KATHMANDU, Sept 22: Prime Minister KP Oli has expressed dissatisfaction with lawmakers of his own party, especially those heading the parliamentary committees, who have not been toeing the party line over key decisions. He has asked them to defend the government's “good work” through all available political forums and through social media platforms.
Without naming any lawmakers or parliamentary committees, Oli, who is also parliamentary party leader of the ruling Nepal Communist Party, asked all lawmakers from the party to come to the defense of the government whenever its decisions and activities are subjected to criticism. He also asked lawmakers heading the parliamentary committees to work in line with the policies and decisions adopted by the party instead of going against the official party line.
“The government has done so many good things. It is working hard to deliver even better results. But some anti-government and anti-republic forces are criticizing us for nothing,” said Oli while addressing lawmakers attending a parliamentary party meeting of the NCP. “Stand with the government in its decisions. Come to its defense against such forces that criticize us despite the good performance that we are delivering.”
The lawmakers were also asked to go to their election constituencies and inform the voters about the good and great things being done by the government.
In recent days, the ruling party with its near two-thirds majority in parliament has been facing criticism from both within the party and without for poor delivery. The government feels 'non-cooperation' from its own party members when it comes to countering criticism from opposition parties, civil society and the media, according to party leaders.
Some ruling party leaders have also been vocal against the government. For instance, Bhim Rawal has been consistently criticizing the government's decisions. Lawmaker Birodh Khatiwada also often ridicules its decisions whereas Ram Kumari Jhakri, another lawmaker, is given to venting her ire against the government.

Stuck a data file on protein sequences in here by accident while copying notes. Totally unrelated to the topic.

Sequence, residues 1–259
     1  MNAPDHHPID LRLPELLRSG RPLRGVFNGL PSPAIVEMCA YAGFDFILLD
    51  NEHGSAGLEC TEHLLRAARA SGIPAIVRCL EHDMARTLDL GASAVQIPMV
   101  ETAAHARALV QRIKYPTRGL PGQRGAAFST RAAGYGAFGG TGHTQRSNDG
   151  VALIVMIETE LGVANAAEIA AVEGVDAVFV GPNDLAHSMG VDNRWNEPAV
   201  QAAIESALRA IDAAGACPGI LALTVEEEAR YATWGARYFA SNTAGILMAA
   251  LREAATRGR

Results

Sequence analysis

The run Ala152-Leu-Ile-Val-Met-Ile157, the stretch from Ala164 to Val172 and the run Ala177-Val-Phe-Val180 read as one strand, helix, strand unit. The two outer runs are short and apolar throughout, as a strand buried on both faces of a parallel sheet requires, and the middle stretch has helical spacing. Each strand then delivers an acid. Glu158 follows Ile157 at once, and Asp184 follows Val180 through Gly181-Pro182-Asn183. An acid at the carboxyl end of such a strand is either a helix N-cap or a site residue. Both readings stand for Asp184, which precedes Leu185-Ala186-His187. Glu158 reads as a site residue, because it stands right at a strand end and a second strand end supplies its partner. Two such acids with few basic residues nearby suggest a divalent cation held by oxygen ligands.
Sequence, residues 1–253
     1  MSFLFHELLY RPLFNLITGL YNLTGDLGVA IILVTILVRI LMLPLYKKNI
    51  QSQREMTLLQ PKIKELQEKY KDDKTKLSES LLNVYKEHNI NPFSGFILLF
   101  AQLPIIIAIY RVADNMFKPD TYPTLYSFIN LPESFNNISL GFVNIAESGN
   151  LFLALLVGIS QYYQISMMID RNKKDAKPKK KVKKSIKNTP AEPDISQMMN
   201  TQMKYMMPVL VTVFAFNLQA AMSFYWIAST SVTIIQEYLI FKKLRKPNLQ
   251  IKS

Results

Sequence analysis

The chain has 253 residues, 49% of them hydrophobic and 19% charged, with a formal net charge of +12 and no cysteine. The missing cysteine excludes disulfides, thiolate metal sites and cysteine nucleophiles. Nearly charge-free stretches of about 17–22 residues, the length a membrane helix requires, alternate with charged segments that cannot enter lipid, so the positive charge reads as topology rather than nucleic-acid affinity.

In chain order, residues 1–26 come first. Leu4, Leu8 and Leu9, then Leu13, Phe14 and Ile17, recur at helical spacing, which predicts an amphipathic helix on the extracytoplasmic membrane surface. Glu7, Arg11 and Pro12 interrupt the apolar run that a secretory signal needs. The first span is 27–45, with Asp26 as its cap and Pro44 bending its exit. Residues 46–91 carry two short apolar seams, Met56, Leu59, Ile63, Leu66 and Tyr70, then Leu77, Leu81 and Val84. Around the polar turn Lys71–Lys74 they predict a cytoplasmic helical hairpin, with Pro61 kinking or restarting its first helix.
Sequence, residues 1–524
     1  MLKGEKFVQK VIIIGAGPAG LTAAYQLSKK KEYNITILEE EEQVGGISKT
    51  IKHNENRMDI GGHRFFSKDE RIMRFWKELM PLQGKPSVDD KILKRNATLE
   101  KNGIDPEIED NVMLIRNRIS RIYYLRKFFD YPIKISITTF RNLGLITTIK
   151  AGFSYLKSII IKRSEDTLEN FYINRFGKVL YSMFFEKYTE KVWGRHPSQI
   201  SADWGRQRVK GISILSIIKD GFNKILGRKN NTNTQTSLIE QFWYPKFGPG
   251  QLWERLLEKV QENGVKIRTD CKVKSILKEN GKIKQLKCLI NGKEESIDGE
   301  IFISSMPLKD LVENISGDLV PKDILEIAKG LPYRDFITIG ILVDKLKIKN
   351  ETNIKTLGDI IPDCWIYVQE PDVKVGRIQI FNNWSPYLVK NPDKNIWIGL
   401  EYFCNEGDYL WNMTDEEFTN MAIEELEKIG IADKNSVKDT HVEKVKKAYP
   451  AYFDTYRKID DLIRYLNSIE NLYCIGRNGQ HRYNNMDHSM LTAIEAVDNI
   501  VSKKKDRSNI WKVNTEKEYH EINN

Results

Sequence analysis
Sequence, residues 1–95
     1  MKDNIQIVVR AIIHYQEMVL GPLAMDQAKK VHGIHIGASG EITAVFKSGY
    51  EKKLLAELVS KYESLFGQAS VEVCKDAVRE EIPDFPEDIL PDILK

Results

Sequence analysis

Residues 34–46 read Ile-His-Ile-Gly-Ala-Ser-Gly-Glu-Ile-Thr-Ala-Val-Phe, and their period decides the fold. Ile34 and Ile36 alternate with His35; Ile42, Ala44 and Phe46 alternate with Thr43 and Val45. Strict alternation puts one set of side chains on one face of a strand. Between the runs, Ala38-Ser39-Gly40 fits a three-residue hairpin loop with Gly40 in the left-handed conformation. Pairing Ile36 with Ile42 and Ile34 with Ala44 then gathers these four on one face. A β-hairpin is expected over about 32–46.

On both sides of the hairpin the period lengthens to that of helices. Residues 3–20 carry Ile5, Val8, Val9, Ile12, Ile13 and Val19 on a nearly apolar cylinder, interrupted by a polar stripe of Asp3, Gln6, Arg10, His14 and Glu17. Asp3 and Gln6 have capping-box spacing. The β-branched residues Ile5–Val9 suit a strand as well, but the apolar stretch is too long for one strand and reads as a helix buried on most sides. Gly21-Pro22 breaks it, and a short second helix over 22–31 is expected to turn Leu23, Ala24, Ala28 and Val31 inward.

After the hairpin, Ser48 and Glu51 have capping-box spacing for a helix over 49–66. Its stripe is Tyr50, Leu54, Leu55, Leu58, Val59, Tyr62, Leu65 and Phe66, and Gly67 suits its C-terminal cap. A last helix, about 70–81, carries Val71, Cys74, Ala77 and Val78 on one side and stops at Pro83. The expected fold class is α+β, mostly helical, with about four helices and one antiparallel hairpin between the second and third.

Meanwhile, the government's Citizenship Bill with its provision requiring foreign women marrying Nepali nationals to wait seven years before acquiring Nepali citizenship has run into opposition party objections to this threshold caveat.
Shashi Shrestha, the NCP lawmaker who heads parliament's State Affairs Committee, has been unable since weeks to settle this point at the committee level.
Some NCP lawmakers accuse Shrestha of not toeing the party line. One lawmaker who is close to Oli as accused her of tabling the proposal without consulting lawmakers of the party.
Several other contested bills have been put on hold or rejected entirely. Failing to garner enough support, the government is reconciled to taking back the disputed National Security Council Bill which was registered some six months ago.
This bill, which was registered by Minister for Defense Ishwar Pokharel at the House of Representatives back in March, has proposed enabling the prime minister to mobilize the Nepal Army directly through a cabinet decision in exceptional cases of emergency. This provision ran into sharp criticism from various lawmakers.
The government has already withdrawn the Guthi [Trusts] Bill following huge protests from lawmakers and from the people of Kathmandu Valley.
The National Human Rights Commission Bill, the Public Service Commission Bill, Bill on Peace and Order and Bill on National Priority Projects are all on hold due to protests from stakeholders over various controversial provisions that these contain.
And this is not the first time that the leadership of the ruling party has asked their lawmakers to close ranks and counter any criticism from opponents.
A few days ago, Speaker Krishna Bahadur Mahara, who is also from the NCP, instructed the parliamentary committees not to get in the way of the government's moves.
The speaker of parliament is considered a neutral position, but that has not prevented Mahara from telling parliamentary committees and lawmakers not to act in ways that hamper the government.
At Saturday's parliamentary party meeting, Puspa Kamal Dahal, the other party chief, urged lawmakers to strengthen the party organization and merge the erstwhile Maoist and UML cadres. He also stressed the need to clear any confusion created by what he described as regressive forces, said lawmakers attending the meeting.